* Asset class posts 17% return this year
* Valuations compelling compared with US and Europe
* Investors need to beware local risks
By Robert Hogg
Sept 8 (IFR) - Emerging markets local currency debt has
woken from a two-year nightmare to post the year's outstanding
credit performance, although individual country and currency
dynamics mean the story is not universally positive.
Thanks to an energizing combination of inflows and a
supportive technical backdrop, the asset class has delivered a
total return of 17.1% as of September 7, according to JP
Morgan's GBI-EM Global Diversified index, making it the best
performing mainstream credit market this year.
In the emerging markets alone, the index has outperformed
the EMBI Global Diversified, which measures sovereign dollar
bonds, by 250bp. Against the Barclays Global Aggregate index,
the return is even more impressive, with an outperformance of
close to 700bp.
With recent economic data from emerging economies showing
signs of improvement - Moody's expects growth for G20 developing
countries of 4.4% this year and 5% for 2017 - and valuations for
local currency debt attractive, investors have returned to the
"Currencies have adjusted, nominal yields are high, and
anything dollar-denominated has become very expensive. All
natural conditions are in place for a rotation into local
currency," said Alan Cameron, economist at Exotix.
Local currency bonds have seen US$11.34bn of net inflows
this year, according to EPFR Global, compared with net outflows
of US$16.87bn in 2015 and US$12.83bn in 2014, as investors sniff
"Not only have EM currencies depreciated to close to their
20-year lows, but bond yields have also increased to the highest
levels since the 2008 crisis, in real as well as nominal terms,"
said Alexis De Mones, head of fixed income at Ashmore.
The average yield on the GBI-EM GD index is 6.17%, while
10-year Treasuries are at 1.54% and 10-year Bunds are negative
"Relative to US real interest rates, yields of emerging
markets local bonds on the GBI EM GD currently trade close to
all-time highs," De Mones said.
Still, there are potential risks, not least US rate hikes
and FX fluctuations, although investors believe that, given
valuations, EM currencies offer a means to add alpha.
"Given that currencies generally exhibit mean reverting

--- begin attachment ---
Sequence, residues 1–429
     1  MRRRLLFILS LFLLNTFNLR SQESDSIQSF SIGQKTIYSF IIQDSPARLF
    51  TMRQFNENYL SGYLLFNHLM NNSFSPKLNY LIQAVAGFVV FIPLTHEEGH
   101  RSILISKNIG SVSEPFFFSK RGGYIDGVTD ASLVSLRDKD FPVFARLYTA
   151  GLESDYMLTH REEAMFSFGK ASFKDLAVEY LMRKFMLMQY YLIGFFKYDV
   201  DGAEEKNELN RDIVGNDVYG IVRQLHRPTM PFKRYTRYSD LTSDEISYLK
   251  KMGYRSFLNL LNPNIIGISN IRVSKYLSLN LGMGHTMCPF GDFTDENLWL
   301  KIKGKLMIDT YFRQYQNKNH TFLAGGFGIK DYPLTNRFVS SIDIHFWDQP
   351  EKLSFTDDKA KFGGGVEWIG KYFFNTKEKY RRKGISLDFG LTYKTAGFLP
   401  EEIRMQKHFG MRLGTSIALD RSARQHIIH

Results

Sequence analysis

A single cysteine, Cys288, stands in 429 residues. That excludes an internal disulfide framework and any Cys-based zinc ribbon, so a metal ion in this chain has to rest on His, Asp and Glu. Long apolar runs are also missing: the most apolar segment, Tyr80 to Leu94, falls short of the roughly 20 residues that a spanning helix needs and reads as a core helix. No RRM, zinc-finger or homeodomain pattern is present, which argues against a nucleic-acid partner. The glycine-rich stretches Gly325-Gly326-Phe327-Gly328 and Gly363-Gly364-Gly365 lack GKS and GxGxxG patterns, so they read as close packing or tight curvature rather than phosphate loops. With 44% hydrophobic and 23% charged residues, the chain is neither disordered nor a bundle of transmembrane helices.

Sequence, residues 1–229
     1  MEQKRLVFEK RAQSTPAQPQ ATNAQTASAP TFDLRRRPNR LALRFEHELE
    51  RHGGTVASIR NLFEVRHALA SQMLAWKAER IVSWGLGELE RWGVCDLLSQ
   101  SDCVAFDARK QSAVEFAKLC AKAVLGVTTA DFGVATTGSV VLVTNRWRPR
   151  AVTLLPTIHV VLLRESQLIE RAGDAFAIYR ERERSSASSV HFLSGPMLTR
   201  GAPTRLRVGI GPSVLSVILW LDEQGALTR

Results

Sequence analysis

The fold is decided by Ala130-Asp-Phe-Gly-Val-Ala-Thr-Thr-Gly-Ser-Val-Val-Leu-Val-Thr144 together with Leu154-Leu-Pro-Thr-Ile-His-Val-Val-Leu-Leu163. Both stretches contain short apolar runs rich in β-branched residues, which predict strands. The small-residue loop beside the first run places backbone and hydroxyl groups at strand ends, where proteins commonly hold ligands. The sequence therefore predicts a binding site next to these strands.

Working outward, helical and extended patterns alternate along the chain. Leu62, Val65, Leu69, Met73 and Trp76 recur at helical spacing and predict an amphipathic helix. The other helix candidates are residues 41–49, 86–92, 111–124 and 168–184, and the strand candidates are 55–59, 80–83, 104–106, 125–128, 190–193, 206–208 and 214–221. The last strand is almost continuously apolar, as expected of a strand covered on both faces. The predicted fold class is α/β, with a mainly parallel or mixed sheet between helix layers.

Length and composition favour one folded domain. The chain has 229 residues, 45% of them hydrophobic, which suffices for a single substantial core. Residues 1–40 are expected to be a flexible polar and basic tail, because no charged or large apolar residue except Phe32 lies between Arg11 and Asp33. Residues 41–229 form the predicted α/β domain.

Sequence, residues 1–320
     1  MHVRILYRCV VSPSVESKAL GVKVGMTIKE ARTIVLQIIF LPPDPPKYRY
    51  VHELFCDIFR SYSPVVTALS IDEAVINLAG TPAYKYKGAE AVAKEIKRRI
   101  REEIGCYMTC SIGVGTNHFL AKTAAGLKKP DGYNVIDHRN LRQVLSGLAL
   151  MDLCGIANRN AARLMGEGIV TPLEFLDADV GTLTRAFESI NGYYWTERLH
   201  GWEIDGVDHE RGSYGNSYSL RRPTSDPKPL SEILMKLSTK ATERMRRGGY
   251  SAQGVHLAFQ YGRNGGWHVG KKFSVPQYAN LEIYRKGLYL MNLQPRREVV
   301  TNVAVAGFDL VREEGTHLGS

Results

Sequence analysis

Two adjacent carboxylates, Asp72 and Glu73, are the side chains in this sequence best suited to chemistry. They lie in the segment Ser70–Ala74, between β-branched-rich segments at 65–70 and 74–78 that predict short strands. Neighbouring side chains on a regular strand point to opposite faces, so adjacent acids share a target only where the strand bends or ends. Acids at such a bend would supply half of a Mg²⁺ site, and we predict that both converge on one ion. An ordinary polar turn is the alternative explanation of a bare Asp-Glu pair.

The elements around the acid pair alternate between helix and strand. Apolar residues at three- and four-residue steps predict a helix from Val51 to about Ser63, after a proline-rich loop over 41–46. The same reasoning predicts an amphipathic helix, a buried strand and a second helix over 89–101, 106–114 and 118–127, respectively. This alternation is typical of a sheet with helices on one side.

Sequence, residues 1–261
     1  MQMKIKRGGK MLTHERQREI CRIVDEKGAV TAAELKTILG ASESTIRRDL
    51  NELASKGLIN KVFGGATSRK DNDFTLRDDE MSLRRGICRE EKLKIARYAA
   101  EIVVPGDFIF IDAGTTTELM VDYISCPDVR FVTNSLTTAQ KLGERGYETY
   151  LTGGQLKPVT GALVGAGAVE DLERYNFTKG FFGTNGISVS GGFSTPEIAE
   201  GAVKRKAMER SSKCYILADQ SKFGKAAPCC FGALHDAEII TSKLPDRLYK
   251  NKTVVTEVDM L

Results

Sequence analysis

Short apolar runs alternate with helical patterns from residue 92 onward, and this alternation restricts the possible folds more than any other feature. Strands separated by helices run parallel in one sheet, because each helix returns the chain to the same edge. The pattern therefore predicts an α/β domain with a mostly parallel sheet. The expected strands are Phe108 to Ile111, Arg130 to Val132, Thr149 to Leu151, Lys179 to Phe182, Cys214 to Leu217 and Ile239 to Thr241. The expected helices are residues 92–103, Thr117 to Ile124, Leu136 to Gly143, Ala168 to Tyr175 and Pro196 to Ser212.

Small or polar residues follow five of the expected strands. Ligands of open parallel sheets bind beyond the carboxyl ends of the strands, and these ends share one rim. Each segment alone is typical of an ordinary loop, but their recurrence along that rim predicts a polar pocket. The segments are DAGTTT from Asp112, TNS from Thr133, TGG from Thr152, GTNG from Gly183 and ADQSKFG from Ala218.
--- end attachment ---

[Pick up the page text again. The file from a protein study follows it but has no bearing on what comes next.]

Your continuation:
characteristics, the deviation from the historical average we
are seeing now suggests that an exposure to EM currencies could
potentially add to the return on EM local bonds," said Olga
Yangol, portfolio manager at HSBC Global Asset Management.
The outlook for local rates is also constructive. "There is
definitely room for EM central banks to cut rates," said Rob
Simpson, portfolio manager at Insight Investment. "At the same
time, growth is picking up. Russia and Brazil signaled rate
hikes but are now in cutting mode."
Some fund managers believe the asset class is only at the
beginning of a prolonged period of outperformance.
"We believe local bonds will deliver strong risk adjusted
returns in the medium to long term, and for investors concerned
with timing, we're in a particularly strong environment as the
asset class currently displays a combination of strong value and
momentum," said De Mones.
However, as the poor performance between May 2013 and
December 2015 shows - triggered by the taper tantrum and
continued thanks to the slump in commodity prices - investors
can get their fingers' badly burned.
Currently South Africa, for example, is proving volatile
thanks to political uncertainty. The rand has seen huge
fluctuations over the past month, trading in a range of 13.26 to
14.73 against the dollar. It is now at 14.03.
"South Africa is an interesting case," said Yangol. "There's
been an improvement in the trade balance. If we didn't read the
news and just looked at the fundamentals then it would be a key
candidate for adding exposure. But it's cheap for a reason."
(Reporting by Robert Hogg; editing by Sudip Roy and Alex